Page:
Thursday, June 28, 2012

Of Super Soldiers and Cosmic Cubes, Part Two

Marvel Two In One #43 (September 1978)
"The Day The World Winds Down"
Writer: Ralph Macchio
Artist: John Byrne
Inkers: John Byrne "and friends"

Karen: The art in our second half is much more to my liking. By John Byrne 'and friends', it is a much more polished book. I'm not certain whose hands touched this issue, but I can see several different styles. Byrne himself is evident, and perhaps also Dave Hunt. The official Marvel website also credits Walt Simonson. So part of the fun with this issue is trying to guess who inked what. Regardless, it looks really spectacular.

Karen: Things pick up in the
Everglades, where Victorius holds the Cosmic Cube and proclaims that he shall use it to bring about all-encompassing entropy. Ben starts to go after him but Cap stops him, predicting the villain is about to explain his plan, and Victorius happily obliges. He explains that he survived his battle with Ka-Zar (see last week's review) but felt directionless. That's when he discovered the Cult of Entropy (by picking up a book in an occult bookstore!). Feeling that the universe was always heading towards decline and decay, the philosophy struck a chord with him. He sought them out and became their new leader. When he heard that Pegasus had the Cube, he knew he had to get it in order to fulfill his new scheme. He used it to re-create the cult's former leader, Yagzan, from his skeletal remains and the Earth itself. This new creature became the personification of Entropy -Jude, the Entropic Man. What kind of a name is Jude for the embodiment of entropy? Personally it makes me think of the Beatles' song! Anyway, the cult happened upon two lovers in the swamp (?) and Jude "initiated" them -turning them to the dust they'd once been. Outraged about how casually Victorius describes the murder, Ben flings himself at the man, but is knocked back by a burst of energy from the Cube.
Karen: The blast leaves Ben unconscious, but Cap is raring to go! He goads Victorius into fighting him one on one. Seeing it as a great opportunity, to test himself against the original super soldier, Victorius agrees. He leaves the Cube floating in mid-air as he and the Captain go at it mano a mano. The two are well matched, although I would assume Cap really has the upper hand in the skill deppartment. The two super soldiers and the cultists do not notice as the Man-Thing makes his way from the swamp. Ironically, we have another would-be super-soldier here, as the Man-Thing was once scientist Ted Sallis, another man who had tried to reproduce the Super-Soldier formula, but with disastrous results. Just an aside, I think it's a cool idea that in the Marvel films, Bruce Banner became the Hulk because he too was trying to make a Super-Soldier serum. Of course, that's taken from the Ultimate universe, but even so, it ties things together nicely.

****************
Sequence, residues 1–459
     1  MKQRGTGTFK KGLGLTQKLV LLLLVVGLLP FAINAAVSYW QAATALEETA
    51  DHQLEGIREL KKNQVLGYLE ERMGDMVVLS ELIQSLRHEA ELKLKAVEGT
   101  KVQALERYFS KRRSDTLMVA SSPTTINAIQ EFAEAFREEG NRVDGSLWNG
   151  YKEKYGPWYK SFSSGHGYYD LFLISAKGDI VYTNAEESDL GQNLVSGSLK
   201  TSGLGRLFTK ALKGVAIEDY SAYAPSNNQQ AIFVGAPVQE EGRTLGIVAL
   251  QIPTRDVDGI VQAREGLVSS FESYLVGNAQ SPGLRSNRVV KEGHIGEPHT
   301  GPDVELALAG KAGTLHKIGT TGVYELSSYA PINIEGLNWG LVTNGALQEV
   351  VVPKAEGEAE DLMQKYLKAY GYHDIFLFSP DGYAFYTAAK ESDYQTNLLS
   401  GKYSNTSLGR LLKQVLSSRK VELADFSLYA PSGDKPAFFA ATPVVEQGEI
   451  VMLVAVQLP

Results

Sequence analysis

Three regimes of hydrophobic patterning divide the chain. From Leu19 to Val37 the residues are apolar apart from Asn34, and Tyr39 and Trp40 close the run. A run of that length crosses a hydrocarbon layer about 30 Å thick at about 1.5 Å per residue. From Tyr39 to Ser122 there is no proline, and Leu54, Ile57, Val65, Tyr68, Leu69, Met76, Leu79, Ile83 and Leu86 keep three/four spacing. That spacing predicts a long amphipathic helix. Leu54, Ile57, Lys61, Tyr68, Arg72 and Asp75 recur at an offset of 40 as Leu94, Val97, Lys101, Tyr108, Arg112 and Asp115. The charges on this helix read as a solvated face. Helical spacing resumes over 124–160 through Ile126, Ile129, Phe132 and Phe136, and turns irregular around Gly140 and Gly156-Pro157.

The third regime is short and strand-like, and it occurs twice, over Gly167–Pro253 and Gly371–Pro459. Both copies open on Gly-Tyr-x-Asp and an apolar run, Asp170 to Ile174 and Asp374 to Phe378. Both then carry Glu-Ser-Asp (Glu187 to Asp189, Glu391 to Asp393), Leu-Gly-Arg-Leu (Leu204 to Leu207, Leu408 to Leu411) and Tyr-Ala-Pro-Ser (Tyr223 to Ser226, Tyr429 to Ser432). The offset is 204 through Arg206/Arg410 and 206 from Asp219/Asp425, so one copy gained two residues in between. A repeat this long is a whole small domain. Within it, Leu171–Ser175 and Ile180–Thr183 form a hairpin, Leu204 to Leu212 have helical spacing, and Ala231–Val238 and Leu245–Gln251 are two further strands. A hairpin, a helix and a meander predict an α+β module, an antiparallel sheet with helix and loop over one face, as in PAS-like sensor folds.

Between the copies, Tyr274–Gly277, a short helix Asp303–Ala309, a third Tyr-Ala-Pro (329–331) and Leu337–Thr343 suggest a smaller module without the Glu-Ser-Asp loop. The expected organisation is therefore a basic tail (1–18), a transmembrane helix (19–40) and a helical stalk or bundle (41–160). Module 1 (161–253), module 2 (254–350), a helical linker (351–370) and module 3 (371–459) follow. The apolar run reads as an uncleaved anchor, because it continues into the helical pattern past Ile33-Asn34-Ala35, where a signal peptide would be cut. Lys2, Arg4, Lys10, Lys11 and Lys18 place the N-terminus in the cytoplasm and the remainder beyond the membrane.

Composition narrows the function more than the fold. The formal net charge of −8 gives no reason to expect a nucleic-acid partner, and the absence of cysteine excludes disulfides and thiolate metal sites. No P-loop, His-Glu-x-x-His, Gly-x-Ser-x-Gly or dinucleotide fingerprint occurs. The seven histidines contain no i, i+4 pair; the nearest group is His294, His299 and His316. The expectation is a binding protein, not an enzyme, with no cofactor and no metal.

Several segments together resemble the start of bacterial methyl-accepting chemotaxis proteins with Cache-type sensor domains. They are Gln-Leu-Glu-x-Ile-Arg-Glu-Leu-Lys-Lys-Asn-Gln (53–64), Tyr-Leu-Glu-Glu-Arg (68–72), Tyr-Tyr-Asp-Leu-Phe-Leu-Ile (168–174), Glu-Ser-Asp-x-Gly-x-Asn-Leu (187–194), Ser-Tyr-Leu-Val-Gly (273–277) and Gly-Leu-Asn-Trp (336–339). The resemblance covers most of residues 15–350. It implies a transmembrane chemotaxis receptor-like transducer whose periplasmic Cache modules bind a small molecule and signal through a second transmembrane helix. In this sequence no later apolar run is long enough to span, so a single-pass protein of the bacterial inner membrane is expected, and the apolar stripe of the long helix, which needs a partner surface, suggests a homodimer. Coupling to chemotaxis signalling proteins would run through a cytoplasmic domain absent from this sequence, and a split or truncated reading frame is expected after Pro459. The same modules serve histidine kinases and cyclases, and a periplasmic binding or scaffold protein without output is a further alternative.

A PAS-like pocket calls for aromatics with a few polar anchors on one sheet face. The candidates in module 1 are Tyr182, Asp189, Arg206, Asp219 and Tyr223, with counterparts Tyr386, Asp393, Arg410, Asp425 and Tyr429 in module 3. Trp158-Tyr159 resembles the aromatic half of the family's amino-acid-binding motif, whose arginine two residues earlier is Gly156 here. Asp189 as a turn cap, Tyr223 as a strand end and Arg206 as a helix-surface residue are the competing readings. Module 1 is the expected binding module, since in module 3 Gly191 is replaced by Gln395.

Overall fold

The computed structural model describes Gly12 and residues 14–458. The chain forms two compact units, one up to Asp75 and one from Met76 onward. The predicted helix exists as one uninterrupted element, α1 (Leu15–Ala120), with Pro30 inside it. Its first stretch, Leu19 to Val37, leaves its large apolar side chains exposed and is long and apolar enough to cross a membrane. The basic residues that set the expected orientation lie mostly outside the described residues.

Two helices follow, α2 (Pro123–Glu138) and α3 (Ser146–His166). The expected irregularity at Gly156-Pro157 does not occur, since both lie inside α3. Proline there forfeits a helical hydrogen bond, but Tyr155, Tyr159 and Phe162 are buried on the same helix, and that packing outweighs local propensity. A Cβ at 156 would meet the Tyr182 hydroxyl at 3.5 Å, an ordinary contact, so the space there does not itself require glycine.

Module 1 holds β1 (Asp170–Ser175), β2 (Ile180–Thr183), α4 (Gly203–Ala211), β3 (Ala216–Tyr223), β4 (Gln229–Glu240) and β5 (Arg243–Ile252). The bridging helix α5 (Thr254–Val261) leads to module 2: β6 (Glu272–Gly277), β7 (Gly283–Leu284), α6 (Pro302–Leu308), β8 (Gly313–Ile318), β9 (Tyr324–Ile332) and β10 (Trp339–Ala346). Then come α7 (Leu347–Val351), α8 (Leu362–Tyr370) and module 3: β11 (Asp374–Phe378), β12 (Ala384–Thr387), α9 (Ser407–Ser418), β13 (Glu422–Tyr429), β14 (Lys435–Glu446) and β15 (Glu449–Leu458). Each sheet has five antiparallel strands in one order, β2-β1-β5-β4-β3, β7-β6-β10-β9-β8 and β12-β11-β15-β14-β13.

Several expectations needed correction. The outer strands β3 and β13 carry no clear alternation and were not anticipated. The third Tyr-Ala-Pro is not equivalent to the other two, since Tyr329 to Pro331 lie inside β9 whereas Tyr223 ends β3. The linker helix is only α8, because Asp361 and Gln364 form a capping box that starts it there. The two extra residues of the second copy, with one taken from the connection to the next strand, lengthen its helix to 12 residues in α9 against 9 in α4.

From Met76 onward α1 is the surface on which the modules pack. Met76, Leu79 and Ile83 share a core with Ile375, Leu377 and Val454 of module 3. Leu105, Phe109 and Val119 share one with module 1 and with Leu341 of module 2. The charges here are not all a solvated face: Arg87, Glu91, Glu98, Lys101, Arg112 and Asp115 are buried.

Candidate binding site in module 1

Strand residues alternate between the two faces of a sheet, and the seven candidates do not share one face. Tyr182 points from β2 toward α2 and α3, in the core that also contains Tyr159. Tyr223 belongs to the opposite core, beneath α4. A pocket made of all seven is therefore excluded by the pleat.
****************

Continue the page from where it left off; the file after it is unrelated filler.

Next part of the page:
Karen: As Cap and Victorius fight and debate their philosophical positions, the muck monster is drawn to the Cube. It reaches out and grabs it. Just at this moment, Ben groggily rises, and can't believe what he sees before him: Cap and Victorius slugging it out, the Entropic Man calmly watching, and in the middle of it all, the Man-Thing groping at the Cube. The Entropic Man decides that Victorius' battle is a waste of time, and he begins to "indoctrinate" Cap, basically mind -controlling him. Just as he's about to pull him into his cloak of non-existence, Ben leaps and grabs Cap and throws him aside. However, the Entropic Man grabs Ben instead and pulls him in. You'd think this would kill him -but instead, it turns him back into plain, human Ben Grimm!